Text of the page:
Three Minors Injured in Drunk Driving Crash on OR99E
Date: April 6, 2013
Location: Oregon 99E
Names: Jennifer B. Lemen, Hugh A. Averette
Police report that Jennifer B. Lemen, 32, was traveling on Oregon 99E in her Ford Explorer with passenger Hugh A. Averette, 33, and her three children, ages 5 to 9 (names not released). At some point during the trip, Lemen and Averette began to argue and Averette grabbed the steering wheel. Lemen then lost control of the vehicle; it flipped over and left the roadway. It then collided with a house on the side of the road. While the home did suffer foundation and structural damage, no one inside was injured.
Both Lemen and Averette are facing charges for the crash. Averette was arrested and booked into the Marion County jail under charges relating to driving under the influence of intoxicants, reckless driving, four counts of recklessly endangering another person, four counts of third degree assault and one count of fourth degree assault for domestic violence. Lemen was cited for DUI.
Lemen and her four children were wearing seatbelts. They were all taken to the hospital for treatment, though none of their conditions were reported. Averette was not wearing a seatbelt and was treated at the hospital for injuries prior to his arrest.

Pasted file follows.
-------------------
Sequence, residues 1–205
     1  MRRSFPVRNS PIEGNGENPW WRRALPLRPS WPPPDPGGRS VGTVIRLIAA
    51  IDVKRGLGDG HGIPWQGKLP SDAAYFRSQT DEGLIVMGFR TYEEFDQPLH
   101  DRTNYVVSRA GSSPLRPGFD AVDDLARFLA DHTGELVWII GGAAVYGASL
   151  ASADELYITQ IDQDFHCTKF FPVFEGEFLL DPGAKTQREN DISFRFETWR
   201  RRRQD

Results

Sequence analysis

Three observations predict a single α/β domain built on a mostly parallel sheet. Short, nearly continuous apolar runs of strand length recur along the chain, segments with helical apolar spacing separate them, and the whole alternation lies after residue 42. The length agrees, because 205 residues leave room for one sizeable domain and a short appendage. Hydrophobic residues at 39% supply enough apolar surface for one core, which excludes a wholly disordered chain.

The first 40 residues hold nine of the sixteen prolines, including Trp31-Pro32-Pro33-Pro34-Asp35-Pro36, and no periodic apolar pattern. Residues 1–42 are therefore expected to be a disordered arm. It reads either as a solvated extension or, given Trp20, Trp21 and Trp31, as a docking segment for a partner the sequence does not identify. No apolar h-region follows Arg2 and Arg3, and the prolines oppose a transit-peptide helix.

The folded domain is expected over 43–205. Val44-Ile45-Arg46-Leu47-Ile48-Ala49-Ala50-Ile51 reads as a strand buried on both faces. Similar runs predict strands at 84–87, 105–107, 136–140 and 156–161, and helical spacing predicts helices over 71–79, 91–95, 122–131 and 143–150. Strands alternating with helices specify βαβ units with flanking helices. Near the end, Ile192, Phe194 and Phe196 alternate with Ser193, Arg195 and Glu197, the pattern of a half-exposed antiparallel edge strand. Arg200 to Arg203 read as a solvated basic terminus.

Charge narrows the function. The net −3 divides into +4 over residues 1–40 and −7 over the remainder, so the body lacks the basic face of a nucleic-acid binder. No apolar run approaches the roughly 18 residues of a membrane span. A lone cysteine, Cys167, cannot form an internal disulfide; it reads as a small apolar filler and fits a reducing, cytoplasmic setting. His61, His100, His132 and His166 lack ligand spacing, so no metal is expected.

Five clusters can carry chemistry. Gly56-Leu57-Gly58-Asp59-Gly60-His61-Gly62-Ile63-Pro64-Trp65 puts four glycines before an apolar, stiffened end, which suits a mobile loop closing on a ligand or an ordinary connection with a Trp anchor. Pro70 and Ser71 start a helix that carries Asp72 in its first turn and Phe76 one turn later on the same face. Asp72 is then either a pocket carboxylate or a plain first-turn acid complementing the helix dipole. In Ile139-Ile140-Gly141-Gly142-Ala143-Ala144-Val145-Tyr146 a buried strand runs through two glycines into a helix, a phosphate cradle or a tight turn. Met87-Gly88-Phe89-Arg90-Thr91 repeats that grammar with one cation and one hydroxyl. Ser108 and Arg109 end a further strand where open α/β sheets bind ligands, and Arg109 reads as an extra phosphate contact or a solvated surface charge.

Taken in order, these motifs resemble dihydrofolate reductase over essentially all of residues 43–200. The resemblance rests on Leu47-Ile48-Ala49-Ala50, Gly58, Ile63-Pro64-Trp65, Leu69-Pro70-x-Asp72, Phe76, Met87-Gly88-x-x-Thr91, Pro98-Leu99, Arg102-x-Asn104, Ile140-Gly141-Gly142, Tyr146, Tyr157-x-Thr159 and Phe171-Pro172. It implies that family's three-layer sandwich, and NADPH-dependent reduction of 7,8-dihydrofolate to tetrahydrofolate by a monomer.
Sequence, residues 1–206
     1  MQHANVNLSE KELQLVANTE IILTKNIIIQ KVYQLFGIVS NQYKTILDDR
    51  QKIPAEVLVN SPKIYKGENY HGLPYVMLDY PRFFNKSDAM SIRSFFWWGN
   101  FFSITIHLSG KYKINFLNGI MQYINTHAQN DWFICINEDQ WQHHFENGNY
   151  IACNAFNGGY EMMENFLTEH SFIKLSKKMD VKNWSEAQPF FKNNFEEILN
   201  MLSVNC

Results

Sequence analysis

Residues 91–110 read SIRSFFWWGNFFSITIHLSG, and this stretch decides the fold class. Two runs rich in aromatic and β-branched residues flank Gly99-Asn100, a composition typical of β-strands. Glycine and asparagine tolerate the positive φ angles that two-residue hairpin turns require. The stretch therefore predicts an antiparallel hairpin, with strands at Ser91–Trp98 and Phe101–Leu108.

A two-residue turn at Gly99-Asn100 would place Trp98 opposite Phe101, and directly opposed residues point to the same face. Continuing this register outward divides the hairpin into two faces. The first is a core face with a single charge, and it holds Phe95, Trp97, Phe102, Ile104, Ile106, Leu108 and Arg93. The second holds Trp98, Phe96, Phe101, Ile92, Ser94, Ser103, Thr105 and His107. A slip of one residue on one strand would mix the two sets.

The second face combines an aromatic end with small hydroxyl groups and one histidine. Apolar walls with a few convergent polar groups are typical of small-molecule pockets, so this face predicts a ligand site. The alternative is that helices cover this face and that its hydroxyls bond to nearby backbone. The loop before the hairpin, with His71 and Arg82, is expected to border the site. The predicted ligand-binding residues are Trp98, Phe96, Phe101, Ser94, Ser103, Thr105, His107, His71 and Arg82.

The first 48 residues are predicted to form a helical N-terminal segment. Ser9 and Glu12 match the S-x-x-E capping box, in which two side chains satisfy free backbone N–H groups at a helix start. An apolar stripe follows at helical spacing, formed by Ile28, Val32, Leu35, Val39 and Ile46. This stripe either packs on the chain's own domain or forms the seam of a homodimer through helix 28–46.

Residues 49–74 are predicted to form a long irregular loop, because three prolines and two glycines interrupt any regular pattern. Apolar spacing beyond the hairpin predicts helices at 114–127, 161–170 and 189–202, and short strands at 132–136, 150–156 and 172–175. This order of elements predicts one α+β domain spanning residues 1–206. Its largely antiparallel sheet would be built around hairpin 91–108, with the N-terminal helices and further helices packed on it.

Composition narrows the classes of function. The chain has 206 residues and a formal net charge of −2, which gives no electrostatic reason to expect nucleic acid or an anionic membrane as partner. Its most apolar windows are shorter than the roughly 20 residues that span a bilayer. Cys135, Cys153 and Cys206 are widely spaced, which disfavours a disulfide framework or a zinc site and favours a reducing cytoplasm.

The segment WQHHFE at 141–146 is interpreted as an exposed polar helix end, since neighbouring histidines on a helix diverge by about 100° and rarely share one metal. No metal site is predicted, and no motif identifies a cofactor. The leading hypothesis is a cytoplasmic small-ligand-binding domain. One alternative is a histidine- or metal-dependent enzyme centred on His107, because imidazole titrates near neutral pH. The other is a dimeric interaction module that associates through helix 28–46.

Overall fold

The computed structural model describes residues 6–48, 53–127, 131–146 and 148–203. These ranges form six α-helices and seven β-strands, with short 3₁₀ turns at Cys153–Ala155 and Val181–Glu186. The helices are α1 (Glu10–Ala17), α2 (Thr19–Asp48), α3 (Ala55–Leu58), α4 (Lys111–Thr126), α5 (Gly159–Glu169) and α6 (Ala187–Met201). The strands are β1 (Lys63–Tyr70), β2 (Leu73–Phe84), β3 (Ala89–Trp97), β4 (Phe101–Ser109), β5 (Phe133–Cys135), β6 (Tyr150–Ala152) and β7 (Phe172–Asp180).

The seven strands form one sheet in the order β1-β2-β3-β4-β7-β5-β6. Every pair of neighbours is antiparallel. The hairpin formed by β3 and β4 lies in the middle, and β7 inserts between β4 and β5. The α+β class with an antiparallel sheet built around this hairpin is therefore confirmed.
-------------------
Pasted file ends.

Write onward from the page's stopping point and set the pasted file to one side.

We would like to extend our best wishes for a full recovery for all parties involved in this accident. For such a severe collision, it is very fortunate that no one was severely injured or killed.
If you were hurt by a drunk driver, special time limits may apply for filing a claim.
Under ORS 471.565, you can sue the establishment that served the drunk driver alcohol (assuming there was one) by filing a Dram Shop Notice within 180 days. This is only for injury cases, as wrongful death cases have a separate time limit.
A Dram Shop Notice is a special letter that tells the establishment or person who served the alcohol that a claim for damages is being made against the establishment, a description of the time, place, and circumstances giving rise to the claim, and the name and mailing address for the person making the claim. If the drunk driving led to not just an injury, but death, then you have a year instead of 180 days. Basically, a Dram Shop Notice will hold a bar owner responsible for not training employees according to the OLCC’s guidelines regarding intoxicated drinkers.
If the drunk driver was not at a bar or other business that serves alcohol before the crash, there is still the possibility of filing a claim through auto insurance. And in many cases, the drunk driver will also be punished in a criminal court. Although being found guilty for criminal charges can increase the likelihood of a civil personal injury case succeeding, you may still need the help of a drunk driving accident injury lawyer to deal with adjusters and use all the evidence correctly.
Posted on April 11, 2013, in Car Accidents, Drunk Driving, Injuries to Children and Minors, Portland car accidents and tagged Hugh A. Averette, Jennifer B. Lemen. Bookmark the permalink. Leave a comment.